It is for reasons like this that we should be teaching our children, I mean all our children, about the different major religions in the world. When we ignore teaching about religion, we are instead teaching that religion is not relevant to either history or modern world events. When children know that religions and their followers are normal people living normal lives but have a faith to help them, it is a good lesson.

1 person likes this
Posted by Katz
a resident of Midtown
on Mar 31, 2015 at 11:50 am

I'm disappointed in the article in that it did not say HOW Muslims view Moses and Jesus.
The similarities between Judiasm and Islam are many and they probably had a common origin. The orthodox in both faiths observe the same dietary laws and the women are segregated in the orthodox shuls and in the Mosques. Orthodox Jewish women even cover their heads if they are married, with wigs or scarfs or hats.

Like this comment
Posted by observer
a resident of Duveneck/St. Francis
on Mar 31, 2015 at 1:34 pm

Isn't there a crosswalk at Charleston and San Antonio?

1 person likes this
Posted by Religion--Devine or Man Made?
a resident of Another Palo Alto neighborhood
on Mar 31, 2015 at 3:10 pm

> I'm disappointed in the article in that it did not say HOW
> Muslims view Moses and Jesus.

If you are interested, then google a bit and you will find more about this topic than you can read in several days.

> The similarities between Judiasm and Islam are many
> and they probably had a common origin

There is no “probably” about it. Both religions are called “Abrahamic” – meaning that they trace their origins to a single man—Abraham.

Because Judism, and Christianity, were well established throughout the Middle East by the time that the so-called “Prophet” Mohammed came on the scene—Islam found itself wrapping its theology around these two monotheistic religions. There are many commonalities between Judaism and Islam, particularly as demonstrated in the more orthodox practices of each of the faiths—ie, dietary restrictions, covering of one’s head, and so on.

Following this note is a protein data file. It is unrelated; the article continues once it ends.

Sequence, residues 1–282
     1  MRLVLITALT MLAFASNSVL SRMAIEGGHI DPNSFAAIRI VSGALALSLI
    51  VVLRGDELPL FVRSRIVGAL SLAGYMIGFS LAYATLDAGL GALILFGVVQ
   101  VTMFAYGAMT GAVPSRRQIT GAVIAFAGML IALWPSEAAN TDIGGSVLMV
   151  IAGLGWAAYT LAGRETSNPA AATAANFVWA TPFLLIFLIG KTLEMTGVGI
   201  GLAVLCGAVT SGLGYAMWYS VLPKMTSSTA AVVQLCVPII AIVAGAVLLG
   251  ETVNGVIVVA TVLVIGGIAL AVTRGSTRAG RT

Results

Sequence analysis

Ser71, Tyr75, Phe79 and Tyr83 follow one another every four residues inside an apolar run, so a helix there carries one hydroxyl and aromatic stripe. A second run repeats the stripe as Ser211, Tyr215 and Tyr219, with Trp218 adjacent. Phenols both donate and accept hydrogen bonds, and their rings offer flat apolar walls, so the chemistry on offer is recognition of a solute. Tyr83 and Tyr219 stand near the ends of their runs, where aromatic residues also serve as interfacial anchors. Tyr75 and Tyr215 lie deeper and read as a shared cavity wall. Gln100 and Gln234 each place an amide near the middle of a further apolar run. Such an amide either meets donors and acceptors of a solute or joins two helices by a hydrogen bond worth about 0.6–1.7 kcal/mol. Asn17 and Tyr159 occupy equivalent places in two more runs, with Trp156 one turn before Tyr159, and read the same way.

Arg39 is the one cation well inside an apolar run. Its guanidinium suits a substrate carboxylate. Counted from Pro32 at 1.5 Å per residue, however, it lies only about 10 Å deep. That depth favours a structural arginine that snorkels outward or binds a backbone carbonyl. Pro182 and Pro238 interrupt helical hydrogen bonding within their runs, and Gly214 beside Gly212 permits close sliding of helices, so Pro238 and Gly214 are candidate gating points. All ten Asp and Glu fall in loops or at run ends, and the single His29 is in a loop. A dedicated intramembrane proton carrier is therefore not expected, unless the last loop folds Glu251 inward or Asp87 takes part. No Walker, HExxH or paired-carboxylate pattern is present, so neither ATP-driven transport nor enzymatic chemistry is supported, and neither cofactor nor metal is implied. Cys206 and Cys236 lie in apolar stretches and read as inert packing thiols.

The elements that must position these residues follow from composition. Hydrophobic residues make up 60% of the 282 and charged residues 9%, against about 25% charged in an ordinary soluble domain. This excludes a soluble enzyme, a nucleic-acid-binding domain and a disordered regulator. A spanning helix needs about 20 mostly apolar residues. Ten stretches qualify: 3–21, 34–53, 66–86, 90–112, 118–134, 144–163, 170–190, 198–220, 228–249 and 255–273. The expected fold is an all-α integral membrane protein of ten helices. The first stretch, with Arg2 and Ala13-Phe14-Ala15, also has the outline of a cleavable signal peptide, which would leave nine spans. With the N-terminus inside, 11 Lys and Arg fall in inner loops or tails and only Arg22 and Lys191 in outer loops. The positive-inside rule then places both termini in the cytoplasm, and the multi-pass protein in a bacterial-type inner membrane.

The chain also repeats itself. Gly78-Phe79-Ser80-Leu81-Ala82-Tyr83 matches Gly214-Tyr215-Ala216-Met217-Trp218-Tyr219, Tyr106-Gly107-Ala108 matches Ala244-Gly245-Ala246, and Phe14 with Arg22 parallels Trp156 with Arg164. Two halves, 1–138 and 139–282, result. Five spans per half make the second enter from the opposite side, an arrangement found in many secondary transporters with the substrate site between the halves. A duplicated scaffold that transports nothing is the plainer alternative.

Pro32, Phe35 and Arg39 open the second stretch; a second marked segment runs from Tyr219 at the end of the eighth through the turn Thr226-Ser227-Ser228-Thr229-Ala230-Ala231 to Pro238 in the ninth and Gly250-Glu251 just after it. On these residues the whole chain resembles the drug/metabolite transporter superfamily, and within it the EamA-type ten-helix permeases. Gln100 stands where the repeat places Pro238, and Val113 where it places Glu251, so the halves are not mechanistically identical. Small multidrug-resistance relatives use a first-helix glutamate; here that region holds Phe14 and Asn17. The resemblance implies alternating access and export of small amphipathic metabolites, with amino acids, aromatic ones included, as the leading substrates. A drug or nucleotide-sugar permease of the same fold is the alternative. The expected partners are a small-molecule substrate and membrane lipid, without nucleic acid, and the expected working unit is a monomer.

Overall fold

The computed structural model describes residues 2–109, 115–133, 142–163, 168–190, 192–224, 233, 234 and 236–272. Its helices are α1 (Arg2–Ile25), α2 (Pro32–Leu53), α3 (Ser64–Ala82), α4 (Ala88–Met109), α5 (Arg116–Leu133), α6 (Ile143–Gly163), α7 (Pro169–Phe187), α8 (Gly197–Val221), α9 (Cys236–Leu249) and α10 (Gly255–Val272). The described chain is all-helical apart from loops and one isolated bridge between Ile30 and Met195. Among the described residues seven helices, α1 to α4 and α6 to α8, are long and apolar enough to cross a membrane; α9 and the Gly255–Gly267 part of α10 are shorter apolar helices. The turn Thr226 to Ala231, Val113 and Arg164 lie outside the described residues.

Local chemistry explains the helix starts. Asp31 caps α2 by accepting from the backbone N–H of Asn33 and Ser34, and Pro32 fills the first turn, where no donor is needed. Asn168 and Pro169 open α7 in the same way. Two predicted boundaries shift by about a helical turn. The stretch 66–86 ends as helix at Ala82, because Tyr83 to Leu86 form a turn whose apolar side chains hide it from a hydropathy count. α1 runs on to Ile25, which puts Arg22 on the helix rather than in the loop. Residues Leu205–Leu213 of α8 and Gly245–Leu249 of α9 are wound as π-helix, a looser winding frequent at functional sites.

Early Islam was a monotheistic revivalism in the Arab world for the first two hundred years, or so. Eventually, politics, nationalism, and family feuds took the religion far away from anything envisioned by Mohammed. Unlike Judism, Islam spread itself across the Middle East, Africa, Spain, and as far as India under the sword—killing hundreds of millions of people in the process. Judaism, clearly exclusionary, was never promoted to the world as its derivatives—Christianity and Islam—were. So, it never grew in numbers, over time.

With thousands of religions that have come, and gone, it’s probably impossible to ever learn very much about many of these belief systems that have been created by man over the last 35,000 years, or so. Luckily, with the Internet at our disposal, people can educate themselves, as they see fit.

2 people like this
Posted by CrescentParkAnon.
a resident of Crescent Park
on Mar 31, 2015 at 7:33 pm

>> Unlike Judism, Islam spread itself across the Middle East, Africa, Spain, and as far as India under the sword—killing hundreds of millions of people in the process. Judaism, clearly exclusionary, was never promoted to the world as its derivatives—Christianity and Islam

First, I think like most small groups and religions Judaism had its conquering phase. It may be the case that Judaism's value was not in its military but in its society and cultural values, open debate, etc. but they were just out-gunned or out-competed militarily, particularly by the Romans.

Religions evolve, change, mutate and progress ... grow, along with the people and societies that make them up, at least they should.

This is a weak point of Islam, since it has been so rigid and insular it lost its place as leader of civilization long ago to become in much of the world a low-tech system of totalitarianism - which projects darkly on the vastly different Muslims that come here to the US to join the modern world.

I find simply classifying these religions as Abrahamic is not helpful, but I am not a religious scholar, nor even religious at this point in my life, though I am familiar with the concepts and much history.

What I find a dividing line is the status the golden rule is given in religions. Most religions now are based on the golden rule - various expressions of the form - do unto others as you would have them do to you. The basic morality or reciprocity of all life. Secular Jews and Christians work in the broader society for the common good, assuming that is for all people who are contributing to the country.